Search The Line of Best Fit
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A night on the brink of tears in Leeds with Sharon Van Etten

28 April 2015, 09:00 | Written by Joe Goggins

We’ve now had almost a year with Sharon Van Etten’s Are We There, and as the time passes, the more outrageous it seems that, in some quarters, the jury might still have been out on her prodigious songwriting ability prior to its release. Tramp was met with universally positive reviews back in 2012, but much of the coverage seemed to lavish as much praise on the production work by Aaron Dessner of The National and the record’s various collaborators as it did Van Etten’s songcraft. With Are We There, recorded in relative seclusion with a tight-knit band, she finally received the credit she’d long deserved, without any caveats.

The sheer emotional intensity of Van Etten’s work has often been at odds with the witty, giggly persona presented in interviews; tonight, as she and her band take the stage, she slurs “don’t blow it!” in a deliberately-strong New York accent before launching into “Afraid of Nothing”, a gorgeously honest take on her struggles with anxiety. Similarly, Leeds' Brudenell Social Club - which is exactly what it sounds like, an old-fashioned working men’s club that just so happens to host international touring bands on an almost nightly basis - is by no means the most obvious venue to play host to epic tales of heartbreak, but the intimacy that it affords Van Etten on the first of two nights here makes it a surprisingly neat fit for her.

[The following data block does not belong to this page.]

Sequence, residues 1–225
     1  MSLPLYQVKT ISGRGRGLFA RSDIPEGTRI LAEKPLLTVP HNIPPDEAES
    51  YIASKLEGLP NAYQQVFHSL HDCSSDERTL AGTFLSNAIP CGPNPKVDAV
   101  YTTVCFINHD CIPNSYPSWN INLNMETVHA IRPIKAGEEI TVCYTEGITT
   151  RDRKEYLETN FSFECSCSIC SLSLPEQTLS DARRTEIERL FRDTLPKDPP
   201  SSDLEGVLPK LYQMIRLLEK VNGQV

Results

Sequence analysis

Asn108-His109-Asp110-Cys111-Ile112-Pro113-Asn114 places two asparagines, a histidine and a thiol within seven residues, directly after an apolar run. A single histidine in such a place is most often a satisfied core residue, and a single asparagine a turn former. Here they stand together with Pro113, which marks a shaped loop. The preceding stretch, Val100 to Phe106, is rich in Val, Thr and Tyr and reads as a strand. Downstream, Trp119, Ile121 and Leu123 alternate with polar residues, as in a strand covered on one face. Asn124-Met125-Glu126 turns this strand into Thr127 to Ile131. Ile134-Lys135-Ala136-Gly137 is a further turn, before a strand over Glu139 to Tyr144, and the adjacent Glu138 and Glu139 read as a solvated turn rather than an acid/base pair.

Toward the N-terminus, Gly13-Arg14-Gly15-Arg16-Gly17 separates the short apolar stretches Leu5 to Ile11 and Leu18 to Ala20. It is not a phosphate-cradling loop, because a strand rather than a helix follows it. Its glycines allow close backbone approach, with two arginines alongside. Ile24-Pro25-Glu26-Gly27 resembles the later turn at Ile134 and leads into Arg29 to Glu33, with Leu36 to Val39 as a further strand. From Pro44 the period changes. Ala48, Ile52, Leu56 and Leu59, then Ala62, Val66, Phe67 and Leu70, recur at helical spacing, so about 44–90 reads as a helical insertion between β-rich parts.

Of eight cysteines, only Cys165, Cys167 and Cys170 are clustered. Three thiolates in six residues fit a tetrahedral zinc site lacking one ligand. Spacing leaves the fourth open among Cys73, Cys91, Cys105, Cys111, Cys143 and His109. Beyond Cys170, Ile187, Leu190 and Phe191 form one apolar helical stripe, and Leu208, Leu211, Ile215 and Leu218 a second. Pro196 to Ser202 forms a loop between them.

The setlist doesn’t lean all that heavily on Are We There, and it’s testament to the obvious rapport between the band that they can weave the likes of “Taking Chances” and “Tarifa” around “Give Out” and “Warsaw” so smartly during the opening stages. Unsurprisingly, new cut “I Don’t Want to Let You Down” - from the forthcoming EP of the same name - makes an appearance at the midpoint, but it’s another as-yet unreleased track that steals the show - one that she’s never played publicly before, that she’d forgotten about until stumbling across it whilst moving house recently. It’s a raw acoustic number, that she doesn’t name, but does explain that the only person she’d played it to previously - a musician friend by the name Mike Skinner (not that one) - had died last September. It's a viscerally emotional performance that had Van Etten on the brink of tears; anything that can overshadow “Your Love Is Killing Me”, aired later on, in that respect has to be powerful in the extreme.

On the whole, though, tonight’s mood is warm and celebratory; this is a venue with a long history of bringing the best out of its performers, and Van Etten and her band seem genuinely happy to be here. When she closes the encore with Tramp deep cut “Ask”, she follows the line “it hurts too much to laugh about it” with a quipped “except tonight”; bands never seem to tire of trotting out the cliche that touring is the reward after the difficult task of making a record, but Van Etten, on tonight's evidence genuinely embodies that spirit.

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